Volume 84, Issue 2 p. 381-391
Free Access

Quantitative studies on some antagonists of N-methyl D-aspartate in slices of rat cerebral cortex

Neil L. Harrison

Neil L. Harrison

MRC Neuropharmacology Research Group, Department of Pharmacology, The School of Pharmacy, 29/39 Brunswick Square, London WC1N 1AX

Laboratory of Neurophysiology, National Institute for Neurological and Communicative Disorders and Stroke, National Institutes of Health, Bldg. 36, Rm. 2C-02, Bethesda, MD 20205, U.S.A.

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Michael A. Simmonds

Corresponding Author

Michael A. Simmonds

MRC Neuropharmacology Research Group, Department of Pharmacology, The School of Pharmacy, 29/39 Brunswick Square, London WC1N 1AX

MRC Neuropharmacology Research Group, Department of Pharmacology, The School of Pharmacy, 29/39 Brunswick Square, London WC1N 1AXSearch for more papers by this author
First published: February 1985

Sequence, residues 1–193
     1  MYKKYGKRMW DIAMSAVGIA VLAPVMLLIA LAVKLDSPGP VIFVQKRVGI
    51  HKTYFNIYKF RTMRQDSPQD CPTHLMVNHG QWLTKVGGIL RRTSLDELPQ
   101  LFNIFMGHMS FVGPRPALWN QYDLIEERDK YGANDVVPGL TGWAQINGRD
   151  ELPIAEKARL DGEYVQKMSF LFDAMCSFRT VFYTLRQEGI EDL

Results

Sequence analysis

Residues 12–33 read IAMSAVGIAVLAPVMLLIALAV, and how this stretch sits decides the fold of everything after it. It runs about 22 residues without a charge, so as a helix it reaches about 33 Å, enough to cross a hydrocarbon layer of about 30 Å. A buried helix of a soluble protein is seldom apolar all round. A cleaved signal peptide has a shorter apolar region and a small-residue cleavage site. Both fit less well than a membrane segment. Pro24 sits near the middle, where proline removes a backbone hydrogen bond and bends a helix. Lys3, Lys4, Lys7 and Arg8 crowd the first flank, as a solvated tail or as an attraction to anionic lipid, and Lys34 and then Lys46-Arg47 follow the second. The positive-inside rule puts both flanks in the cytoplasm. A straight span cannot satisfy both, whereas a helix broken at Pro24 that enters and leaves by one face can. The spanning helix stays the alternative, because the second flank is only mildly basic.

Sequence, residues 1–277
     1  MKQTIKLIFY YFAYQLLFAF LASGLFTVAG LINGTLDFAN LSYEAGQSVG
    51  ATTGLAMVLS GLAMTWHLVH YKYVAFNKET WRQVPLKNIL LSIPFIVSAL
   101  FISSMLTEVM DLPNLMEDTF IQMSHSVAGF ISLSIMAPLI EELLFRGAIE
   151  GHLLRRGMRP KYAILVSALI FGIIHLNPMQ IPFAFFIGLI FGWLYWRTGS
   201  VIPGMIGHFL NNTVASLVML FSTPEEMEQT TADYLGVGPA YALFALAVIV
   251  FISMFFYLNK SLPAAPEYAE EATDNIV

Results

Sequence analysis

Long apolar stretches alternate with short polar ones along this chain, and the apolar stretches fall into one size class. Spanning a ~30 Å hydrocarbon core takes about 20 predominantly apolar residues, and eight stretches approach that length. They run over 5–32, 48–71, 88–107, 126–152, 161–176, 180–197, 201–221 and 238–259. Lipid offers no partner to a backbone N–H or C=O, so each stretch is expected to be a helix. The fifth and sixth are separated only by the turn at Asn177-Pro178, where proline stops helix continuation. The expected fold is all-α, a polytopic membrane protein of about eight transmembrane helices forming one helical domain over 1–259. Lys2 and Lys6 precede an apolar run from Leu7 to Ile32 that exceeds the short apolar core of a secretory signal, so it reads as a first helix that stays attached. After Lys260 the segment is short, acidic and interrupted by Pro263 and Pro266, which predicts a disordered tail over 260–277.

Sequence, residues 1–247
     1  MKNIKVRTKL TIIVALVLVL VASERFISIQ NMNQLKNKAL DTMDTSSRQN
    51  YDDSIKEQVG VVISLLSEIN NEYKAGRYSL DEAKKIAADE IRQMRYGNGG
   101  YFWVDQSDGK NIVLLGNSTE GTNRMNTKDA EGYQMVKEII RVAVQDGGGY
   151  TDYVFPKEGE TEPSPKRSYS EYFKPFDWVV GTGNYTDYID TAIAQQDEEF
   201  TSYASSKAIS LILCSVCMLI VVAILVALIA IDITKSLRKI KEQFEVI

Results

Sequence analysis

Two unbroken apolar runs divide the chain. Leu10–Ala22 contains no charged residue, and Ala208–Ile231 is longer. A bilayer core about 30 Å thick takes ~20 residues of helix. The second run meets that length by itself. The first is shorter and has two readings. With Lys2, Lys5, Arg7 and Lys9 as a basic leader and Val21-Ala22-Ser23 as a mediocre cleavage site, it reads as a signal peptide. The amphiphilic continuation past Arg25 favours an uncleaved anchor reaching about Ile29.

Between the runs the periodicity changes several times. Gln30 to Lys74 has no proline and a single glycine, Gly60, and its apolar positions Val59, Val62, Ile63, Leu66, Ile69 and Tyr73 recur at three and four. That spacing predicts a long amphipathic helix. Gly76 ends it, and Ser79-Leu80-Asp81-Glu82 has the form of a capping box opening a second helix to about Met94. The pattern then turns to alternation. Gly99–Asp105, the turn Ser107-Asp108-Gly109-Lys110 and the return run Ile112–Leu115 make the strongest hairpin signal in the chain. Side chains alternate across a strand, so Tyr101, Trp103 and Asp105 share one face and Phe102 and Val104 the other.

Citations: 408

Abstract

  • 1

    Coronal sections of rat brain (500 μm thick) were trimmed to form ‘wedges’ of tissue consisting of cerebral cortex and corpus callosum.

  • 2

    When these slices were placed in a two-compartment bath, the cortical tissue could be depolarized, relative to the corpus callosum, by superfusions of high K+, or by amino acids such as l-glutamate, l-aspartate, quisqualate, kainate and N-methyl d-aspartate (NMDA).

  • 3

    Responses to NM DA were reduced by magnesium ions, by the organic antagonists (−)-2-amino 5-phosphonovalerate (APV) and 2-amino γ-phosphonoheptanoate (APH), and by the dissociative anaesthetic ketamine.

  • 4

    In this preparation, all these antagonists shifted the NM DA dose-response curve to the right in a parallel manner. A Schild plot for Mg2+ had a slope significantly less than unity, indicative of a noncompetitive action, whilst Schild plots for (−)-APV, APH and ketamine appeared linear and had slopes of approximately 1.

  • 5

    Analysis of the results of combination experiments suggested that the presumed competitive antagonists, (−)-APV and APH, share a common site of action as NMDA antagonists, and that this site is distinct from that at which ketamine exerts its action. The action of Mg2+ is clearly different from that of either (−)-APV or ketamine. It is concluded that ketamine is a non-competitive antagonist of NMDA and may act at an allosteric site on the NMDA receptor complex to influence its function.